The Buffalo Teachers Federation will be in court on Thursday in a bid to temporarily stop involuntary teacher transfers at three low-performing schools.
The transfers violate the union contract in several ways, BTF President Philip Rumore says.
"The school district and union must agree to a modification of that agreement," he said in an affidavit. "Not surprisingly, a school district cannot just unilaterally violate lawful contracts for federal money."
The union is asking State Supreme Court Justice Gerald Whelan to stop the transfers until an arbitrator can rule on whether they violate the collective bargaining agreement.
"While the district is in the process of analyzing the allegations made in the suit and preparing its defense, it is confident that it has complied with all pertinent state and federal laws and regulations, as well as the BTF collective bargaining agreement," Superintendent Pamela C. Brown said in a statement in response to a Buffalo News inquiry.
The district in December submitted improvement plans for seven schools. The School Board opted to hire outside groups to run four schools. And for three schools, the board chose the turnaround model, which requires that at least half the teachers be replaced.
The state Education Department in May approved $5.14 million in federal funds for the turnaround plans at Bilingual Center 33, Futures Academy and Drew Science Magnet.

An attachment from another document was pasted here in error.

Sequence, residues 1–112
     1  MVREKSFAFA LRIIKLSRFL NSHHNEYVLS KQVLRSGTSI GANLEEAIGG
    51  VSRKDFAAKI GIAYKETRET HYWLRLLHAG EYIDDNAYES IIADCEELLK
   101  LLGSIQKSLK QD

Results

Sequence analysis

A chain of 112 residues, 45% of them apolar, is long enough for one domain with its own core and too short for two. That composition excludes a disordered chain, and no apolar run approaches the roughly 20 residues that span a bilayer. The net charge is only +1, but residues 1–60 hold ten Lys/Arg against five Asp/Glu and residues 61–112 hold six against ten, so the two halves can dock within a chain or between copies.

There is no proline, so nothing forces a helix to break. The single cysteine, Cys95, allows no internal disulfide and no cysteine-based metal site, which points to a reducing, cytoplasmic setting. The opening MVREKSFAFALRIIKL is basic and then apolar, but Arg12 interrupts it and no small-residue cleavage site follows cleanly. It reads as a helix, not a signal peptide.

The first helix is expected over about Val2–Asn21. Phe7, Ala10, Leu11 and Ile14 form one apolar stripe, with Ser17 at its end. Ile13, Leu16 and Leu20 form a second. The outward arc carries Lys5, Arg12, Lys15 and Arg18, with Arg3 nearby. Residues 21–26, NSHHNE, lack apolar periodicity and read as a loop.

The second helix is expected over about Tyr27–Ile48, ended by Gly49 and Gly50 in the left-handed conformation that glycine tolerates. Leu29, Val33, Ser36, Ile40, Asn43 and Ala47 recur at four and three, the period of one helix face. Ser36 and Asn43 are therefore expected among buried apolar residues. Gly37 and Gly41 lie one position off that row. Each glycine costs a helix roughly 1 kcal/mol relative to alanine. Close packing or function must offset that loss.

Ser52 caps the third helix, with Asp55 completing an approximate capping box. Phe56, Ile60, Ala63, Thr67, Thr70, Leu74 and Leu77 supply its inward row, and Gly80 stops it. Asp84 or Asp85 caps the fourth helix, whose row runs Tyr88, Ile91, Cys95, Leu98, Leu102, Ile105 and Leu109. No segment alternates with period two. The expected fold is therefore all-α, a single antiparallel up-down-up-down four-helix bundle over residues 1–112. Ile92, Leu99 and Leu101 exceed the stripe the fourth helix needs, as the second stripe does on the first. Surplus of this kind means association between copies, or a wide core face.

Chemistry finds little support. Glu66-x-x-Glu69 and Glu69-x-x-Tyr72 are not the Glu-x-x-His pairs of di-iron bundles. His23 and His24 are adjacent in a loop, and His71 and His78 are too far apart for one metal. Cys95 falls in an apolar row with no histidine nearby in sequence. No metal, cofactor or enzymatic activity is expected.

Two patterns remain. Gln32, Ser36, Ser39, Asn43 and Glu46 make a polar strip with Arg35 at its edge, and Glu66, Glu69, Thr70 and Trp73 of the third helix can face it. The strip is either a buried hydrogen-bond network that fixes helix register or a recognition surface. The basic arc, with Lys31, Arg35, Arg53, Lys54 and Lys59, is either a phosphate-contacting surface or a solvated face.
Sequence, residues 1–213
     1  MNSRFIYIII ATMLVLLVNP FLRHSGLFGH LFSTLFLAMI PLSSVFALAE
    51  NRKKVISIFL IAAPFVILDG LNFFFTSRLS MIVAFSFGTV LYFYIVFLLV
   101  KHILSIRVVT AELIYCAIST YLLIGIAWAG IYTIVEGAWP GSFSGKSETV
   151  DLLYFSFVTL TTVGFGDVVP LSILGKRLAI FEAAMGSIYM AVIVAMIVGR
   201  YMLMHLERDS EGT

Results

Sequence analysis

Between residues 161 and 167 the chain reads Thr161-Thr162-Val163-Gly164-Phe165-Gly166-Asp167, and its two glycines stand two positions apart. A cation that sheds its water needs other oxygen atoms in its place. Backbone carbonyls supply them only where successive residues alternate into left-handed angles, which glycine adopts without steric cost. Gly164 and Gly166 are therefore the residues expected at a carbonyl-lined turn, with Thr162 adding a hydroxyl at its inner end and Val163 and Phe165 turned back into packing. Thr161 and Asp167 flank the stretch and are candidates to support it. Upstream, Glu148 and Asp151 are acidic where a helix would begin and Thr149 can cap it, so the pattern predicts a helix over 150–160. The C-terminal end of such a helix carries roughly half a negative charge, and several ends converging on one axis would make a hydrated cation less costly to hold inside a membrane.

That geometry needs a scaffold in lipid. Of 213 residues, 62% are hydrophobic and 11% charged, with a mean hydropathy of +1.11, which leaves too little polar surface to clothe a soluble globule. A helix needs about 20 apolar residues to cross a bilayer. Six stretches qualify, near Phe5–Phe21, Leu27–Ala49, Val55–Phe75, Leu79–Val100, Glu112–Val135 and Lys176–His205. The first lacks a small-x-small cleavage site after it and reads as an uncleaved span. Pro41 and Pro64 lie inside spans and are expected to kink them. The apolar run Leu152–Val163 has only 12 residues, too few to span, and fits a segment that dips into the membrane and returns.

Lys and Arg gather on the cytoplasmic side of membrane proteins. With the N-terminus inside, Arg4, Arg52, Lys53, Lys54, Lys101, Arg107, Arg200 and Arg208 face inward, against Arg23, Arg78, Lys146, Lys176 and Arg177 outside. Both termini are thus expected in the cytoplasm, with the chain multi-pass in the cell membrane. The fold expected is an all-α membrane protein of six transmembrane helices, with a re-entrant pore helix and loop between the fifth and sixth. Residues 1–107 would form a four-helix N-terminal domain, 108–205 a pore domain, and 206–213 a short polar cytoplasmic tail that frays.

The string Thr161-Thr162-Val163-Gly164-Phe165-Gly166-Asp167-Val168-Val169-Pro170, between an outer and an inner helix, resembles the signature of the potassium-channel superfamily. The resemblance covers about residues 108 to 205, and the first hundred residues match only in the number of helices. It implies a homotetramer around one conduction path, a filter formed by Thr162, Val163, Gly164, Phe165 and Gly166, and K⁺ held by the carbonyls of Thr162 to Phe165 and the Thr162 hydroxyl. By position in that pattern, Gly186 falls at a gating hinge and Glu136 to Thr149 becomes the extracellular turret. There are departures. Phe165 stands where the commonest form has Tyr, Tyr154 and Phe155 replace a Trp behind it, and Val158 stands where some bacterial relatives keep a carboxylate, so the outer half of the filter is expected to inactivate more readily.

According to the most recent estimates released by the district, the number of teachers who will have to be transferred are: 18 teachers at Bilingual Center, 19 at Futures Academy and 13 at Drew.
Teachers at the three schools had to decide at the end of the last school year whether they wanted to remain in their buildings. Those who did went through an initial screening at the end of June. District officials were planning to do a second round of screening the last week in July, but have agreed to hold off until after the court date, Rumore said.
He is asking the judge to stop the transfers for now, and then essentially expedite the arbitration process so that the matter is resolved before school starts in September.
"The transfer of these teachers in these schools will necessarily produce a cascading effect of transfers of the teachers in the other schools, creating a web of teacher movements and even layoffs that will be virtually impossible to unwind and necessarily disruptive to students and staff throughout the district should it later be determined to have been improper," Rumore said in the affidavit.